Alexander Hamilton was a statesman, politician, legal scholar, military commander, lawyer, financier, an economist from the Caribbean. He was one of the United States of America’s founding fathers. He was a significant translator and advocate of the United States Constitution, as well as the founder of the nation’s financial system, the Federalist Party, the United States Coast Guard, and the New York Post newspaper. President George Washington’s economic strategy was steered by Hamilton, who served as the first secretary of the Treasury. In this article, we will talk about Alexander Hamilton’s children.
He spent his infancy on St. Croix, where he was born out of wedlock in the mid-eighteenth century, amid the lowest rungs of white society. He began working when he was nine years old and got informal education from his mentors before being transferred to King’s College in New York to study medicine. He was soon attracted into politics here, and at the age of seventeen, he wrote his first published essay.
Hamilton established the nation’s financial strategy, assisting the government in navigating the upheaval left over after the revolution. He was a staunch advocate of the federal government and played a key role in the approval of the new constitution, believing slavery to be morally wrong.
How Many children did Alexander Hamilton Have?
You would believe Alexander Hamilton only had one child if you just know him from the famous Broadway musical. But you’d be entirely incorrect as Hamilton had many more children than one.
On December 14, 1780, Alexander Hamilton married Elizabeth Schuyler, the daughter of Revolutionary War leader Philip Schuyler. The couple had a solid connection throughout their marriage and raised eight children together.
Philip Hamilton, Hamilton’s eldest son, was tragically shot in a duel when he was 19 years old.
Angelica Hamilton – In the song “Take a Break,” Philip sings, “I have a sister, but I want a little brother,” which Hamilton fans may have picked up on.
Alexander Jr. – Became a well-known lawyer who represented Aaron Burr’s second wife in their divorce.
James Alexander – He became a lawyer, had five children, and served as Andrew Jackson’s interim Secretary of State.
John Church served as a second lieutenant in the War of 1812. In addition, he published a two-volume biography of his father.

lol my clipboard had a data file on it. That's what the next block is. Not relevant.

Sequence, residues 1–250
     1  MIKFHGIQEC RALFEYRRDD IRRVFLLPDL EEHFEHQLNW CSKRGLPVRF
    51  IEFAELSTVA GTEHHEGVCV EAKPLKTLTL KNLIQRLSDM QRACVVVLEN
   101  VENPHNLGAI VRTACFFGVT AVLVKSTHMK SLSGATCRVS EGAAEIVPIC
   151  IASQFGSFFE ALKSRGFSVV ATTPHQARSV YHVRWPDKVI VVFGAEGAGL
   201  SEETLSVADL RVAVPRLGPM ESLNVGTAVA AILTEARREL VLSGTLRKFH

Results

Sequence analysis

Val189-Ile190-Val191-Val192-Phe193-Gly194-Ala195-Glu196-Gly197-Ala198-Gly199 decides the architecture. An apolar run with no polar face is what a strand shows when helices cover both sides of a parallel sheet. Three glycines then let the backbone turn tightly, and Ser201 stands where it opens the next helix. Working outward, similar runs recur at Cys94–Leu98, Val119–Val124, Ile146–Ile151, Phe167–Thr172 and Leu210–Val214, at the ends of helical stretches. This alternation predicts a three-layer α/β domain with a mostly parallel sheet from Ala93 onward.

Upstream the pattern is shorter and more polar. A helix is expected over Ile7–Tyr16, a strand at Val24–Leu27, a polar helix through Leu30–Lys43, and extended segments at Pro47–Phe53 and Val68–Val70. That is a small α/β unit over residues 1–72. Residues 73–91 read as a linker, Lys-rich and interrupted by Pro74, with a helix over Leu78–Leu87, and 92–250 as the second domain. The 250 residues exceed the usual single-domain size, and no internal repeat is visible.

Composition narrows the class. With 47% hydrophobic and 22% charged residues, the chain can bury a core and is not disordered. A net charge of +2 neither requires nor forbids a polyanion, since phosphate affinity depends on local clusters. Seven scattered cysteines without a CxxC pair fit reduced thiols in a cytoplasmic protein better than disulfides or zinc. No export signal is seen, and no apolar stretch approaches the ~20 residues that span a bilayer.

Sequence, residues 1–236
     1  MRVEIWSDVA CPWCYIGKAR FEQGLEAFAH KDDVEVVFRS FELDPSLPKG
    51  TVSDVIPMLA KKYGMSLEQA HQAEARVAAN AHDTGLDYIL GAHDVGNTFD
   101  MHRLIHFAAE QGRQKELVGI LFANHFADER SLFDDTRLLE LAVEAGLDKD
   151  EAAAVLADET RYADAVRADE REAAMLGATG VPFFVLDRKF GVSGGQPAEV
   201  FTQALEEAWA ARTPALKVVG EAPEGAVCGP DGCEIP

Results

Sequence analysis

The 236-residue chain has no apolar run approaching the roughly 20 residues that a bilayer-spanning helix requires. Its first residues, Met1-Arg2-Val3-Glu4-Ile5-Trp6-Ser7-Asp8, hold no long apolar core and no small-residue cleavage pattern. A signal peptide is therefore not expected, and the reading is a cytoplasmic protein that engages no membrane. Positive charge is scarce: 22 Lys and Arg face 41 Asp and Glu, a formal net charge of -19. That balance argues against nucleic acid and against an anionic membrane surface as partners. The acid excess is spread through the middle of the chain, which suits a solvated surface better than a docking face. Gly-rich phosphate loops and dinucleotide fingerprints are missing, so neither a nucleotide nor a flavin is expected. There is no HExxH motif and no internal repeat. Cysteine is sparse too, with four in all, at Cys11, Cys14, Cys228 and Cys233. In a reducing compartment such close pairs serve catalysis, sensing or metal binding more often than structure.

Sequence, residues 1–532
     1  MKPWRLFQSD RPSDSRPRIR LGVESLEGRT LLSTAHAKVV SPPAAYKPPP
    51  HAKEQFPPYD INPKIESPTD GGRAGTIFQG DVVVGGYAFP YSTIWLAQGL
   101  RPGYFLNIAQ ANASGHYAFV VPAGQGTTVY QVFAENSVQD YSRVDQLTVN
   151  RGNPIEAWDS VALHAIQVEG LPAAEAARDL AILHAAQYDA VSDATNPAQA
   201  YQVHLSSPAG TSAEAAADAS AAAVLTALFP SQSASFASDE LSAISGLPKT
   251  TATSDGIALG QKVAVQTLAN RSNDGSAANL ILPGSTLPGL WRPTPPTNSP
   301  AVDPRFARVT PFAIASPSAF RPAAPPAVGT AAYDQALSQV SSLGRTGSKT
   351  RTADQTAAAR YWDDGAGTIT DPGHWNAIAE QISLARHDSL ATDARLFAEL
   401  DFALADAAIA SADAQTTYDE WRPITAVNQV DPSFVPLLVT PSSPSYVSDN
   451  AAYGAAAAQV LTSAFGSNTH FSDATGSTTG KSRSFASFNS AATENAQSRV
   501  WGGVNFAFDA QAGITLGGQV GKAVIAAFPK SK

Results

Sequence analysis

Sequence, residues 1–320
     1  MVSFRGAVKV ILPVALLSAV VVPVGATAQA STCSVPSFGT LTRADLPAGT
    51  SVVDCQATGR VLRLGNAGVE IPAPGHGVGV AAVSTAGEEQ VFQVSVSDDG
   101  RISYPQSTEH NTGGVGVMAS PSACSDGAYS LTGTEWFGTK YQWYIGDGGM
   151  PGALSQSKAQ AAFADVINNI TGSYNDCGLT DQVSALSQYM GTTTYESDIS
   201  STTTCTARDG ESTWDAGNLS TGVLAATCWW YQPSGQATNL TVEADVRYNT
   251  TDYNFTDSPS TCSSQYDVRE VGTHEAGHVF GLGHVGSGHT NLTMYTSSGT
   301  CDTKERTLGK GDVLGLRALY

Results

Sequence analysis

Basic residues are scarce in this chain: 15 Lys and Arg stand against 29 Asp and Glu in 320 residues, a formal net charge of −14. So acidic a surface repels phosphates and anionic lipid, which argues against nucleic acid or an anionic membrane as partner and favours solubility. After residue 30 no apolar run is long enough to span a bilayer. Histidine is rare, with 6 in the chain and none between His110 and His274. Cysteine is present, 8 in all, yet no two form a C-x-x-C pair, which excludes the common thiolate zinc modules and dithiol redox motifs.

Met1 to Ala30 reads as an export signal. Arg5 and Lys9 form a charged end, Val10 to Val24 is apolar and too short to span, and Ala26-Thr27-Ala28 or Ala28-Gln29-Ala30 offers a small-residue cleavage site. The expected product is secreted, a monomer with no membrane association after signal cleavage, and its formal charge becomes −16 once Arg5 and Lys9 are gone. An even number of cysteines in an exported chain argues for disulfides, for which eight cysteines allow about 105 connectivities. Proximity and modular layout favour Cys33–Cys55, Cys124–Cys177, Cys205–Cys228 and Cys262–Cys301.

William Stephen – After the California Gold Rush in 1849, he moved to California and died of cholera.
Eliza – Throughout her life, she remained close to her mother, even staying with her after her own marriage.
Philip, often known as Little Phil, was named after his older brother, who died the year before he was born. Little Phil lived a long and happy life, expiring in 1884 at the age of 82.
Hamilton met Maria Reynolds, who was married to James Reynolds, in the summer of 1791. The two eventually began an extramarital romance that lasted until June 1792. The incident did not affect his marriage, but many feel it cost him the chance to become the next President of the United States. Hamilton’s romance with Reynolds is regarded as one of the country’s earliest sex scandals.
Alexander Hamilton Military career
Hamilton joined the New York Provincial Artillery Company in 1775, when the Revolutionary War broke out, and participated in the battles of Long Island, White Plains, and Trenton.
Hamilton was commissioned as Captain in 1776 and given the task of raising the New York Provincial Company of Artillery to defend Manhattan Island. He immediately gathered a force of 60 men and began participating in various campaigns across the city.
When the Battle of Long Island erupted on August 27, 1776, Hamilton’s men fought alongside Washington’s army. They later fought in the Battles of the White Plains in October 1776, Trenton on December 26, 1776, and Princeton.
Hamilton was appointed lieutenant colonel of the Continental Army in 1777 after fighting in the battles of Brandywine Creek, Germantown, and Princeton that year. Hamilton drew the attention of General George Washington during his early service in the war for American independence, and he became his aide and valued counsel.
Hamilton put his writing abilities to use for the following five years. He authored Washington’s critical letters and several reports on the Continental Army’s strategic reorganization and restructuring. On July 31, 1781, he was appointed as the Commander of a New York light infantry battalion, eager to enter the war. In October, he led a successful assault in the Battle of Yorktown, thereby ending the American Revolutionary War.